March 21, 2023


WASHINGTON, D.C. - Today, the U.S. Chamber of Commerce released new research, the Patient Access Report, showing the impact of price controls on patient access to innovative medicines across nine of the world's leading economies. 

The report finds that nations that allow for marketplace competition and provide effective intellectual property protections have greater patient access to the latest innovative medicines. By contrast, market-restrictive policies like artificial price controls can deter future innovation and inhibit patient access. 

"For decades, the United States has led the world in both development of, and access to, innovative medicines—today, that leadership is at risk," said Tom Quaadman, Executive Vice President at the U.S. Chamber of Commerce. "Sadly, policies like the price-setting mechanisms in the Inflation Reduction Act (IRA) could lead to less groundbreaking treatments and rationing of lifesaving medicines for American patients."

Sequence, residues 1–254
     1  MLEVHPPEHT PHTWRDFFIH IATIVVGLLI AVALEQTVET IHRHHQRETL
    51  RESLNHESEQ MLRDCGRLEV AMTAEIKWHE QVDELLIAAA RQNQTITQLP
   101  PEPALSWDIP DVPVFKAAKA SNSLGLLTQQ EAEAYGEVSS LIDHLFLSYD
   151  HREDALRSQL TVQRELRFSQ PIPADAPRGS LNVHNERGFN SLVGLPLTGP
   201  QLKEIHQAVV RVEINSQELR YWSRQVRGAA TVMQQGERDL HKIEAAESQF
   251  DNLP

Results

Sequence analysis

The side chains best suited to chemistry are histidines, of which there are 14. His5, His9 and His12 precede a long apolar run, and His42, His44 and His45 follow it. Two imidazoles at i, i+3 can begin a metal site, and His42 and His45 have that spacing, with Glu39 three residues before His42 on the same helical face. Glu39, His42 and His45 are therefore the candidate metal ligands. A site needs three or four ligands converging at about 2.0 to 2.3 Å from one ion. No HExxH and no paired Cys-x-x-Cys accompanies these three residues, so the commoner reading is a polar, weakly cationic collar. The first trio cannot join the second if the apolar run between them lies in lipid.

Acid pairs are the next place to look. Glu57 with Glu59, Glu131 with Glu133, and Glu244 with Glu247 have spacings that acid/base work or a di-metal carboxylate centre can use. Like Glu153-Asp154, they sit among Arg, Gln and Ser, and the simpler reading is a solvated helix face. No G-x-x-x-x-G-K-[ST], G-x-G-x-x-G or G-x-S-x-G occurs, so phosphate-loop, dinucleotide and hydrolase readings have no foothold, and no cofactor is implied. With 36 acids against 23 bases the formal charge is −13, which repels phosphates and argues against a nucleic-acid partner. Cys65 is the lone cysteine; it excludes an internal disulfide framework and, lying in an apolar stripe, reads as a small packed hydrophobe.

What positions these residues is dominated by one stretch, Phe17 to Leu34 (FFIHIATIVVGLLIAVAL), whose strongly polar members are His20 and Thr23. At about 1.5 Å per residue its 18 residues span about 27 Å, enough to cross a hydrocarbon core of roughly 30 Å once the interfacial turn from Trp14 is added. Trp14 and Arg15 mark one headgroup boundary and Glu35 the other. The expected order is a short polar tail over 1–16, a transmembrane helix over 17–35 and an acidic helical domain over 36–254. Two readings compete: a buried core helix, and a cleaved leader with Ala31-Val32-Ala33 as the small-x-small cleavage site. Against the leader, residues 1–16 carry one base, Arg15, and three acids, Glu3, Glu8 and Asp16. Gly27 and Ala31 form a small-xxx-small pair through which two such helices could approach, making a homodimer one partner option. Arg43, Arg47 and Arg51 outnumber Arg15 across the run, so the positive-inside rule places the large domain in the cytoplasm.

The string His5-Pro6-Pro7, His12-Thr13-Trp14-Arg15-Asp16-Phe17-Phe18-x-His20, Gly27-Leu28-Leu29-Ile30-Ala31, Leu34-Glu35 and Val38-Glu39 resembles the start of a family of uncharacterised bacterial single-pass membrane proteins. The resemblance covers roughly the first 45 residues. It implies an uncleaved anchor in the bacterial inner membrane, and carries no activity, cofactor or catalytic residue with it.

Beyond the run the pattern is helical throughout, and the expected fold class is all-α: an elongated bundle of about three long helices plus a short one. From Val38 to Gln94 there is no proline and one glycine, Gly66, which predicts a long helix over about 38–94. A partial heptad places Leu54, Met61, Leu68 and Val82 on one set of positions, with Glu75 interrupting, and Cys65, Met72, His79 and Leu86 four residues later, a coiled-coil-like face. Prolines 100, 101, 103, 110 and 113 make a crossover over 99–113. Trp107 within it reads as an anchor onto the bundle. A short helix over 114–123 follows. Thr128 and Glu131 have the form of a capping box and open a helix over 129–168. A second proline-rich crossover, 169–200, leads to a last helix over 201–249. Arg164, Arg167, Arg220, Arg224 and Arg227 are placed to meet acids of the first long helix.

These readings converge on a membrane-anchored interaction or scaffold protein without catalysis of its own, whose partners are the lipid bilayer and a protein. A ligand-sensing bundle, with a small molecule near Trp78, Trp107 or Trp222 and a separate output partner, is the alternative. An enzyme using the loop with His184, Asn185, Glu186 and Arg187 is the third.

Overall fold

The report illustrates how countries that impose price controls have less access to lifesaving treatments and cures, including: 

  • Fewer overall biopharmaceutical product launches in Canada, Japan, South Korea, Australia, and European Union member states than in the United States over the past 20 years. 
  • Fewer biologics were launched in countries with severe cost control policies, including South Korea and Australia. 
  • Fewer oncology treatments have been launched, with a fraction of the products launched in Europe that are available in the United States. 
  • Delayed access to treatments, with patients waiting an average of 133 days in Germany and up to 500 days in Spain to access new treatments. 

“The Chamber urges government officials to consider the implications of price controls on patient choice before implementing a framework that jeopardizes U.S. leadership on biopharmaceutical innovation and patient access to new, cutting-edge, and life-saving treatments,” Quaadman said. 

The Patient Access Report cautions that the IRA’s price controls will have a similar, detrimental impact on biopharmaceutical innovation and could lead to fewer new products and medicines developed and introduced in the United States. 

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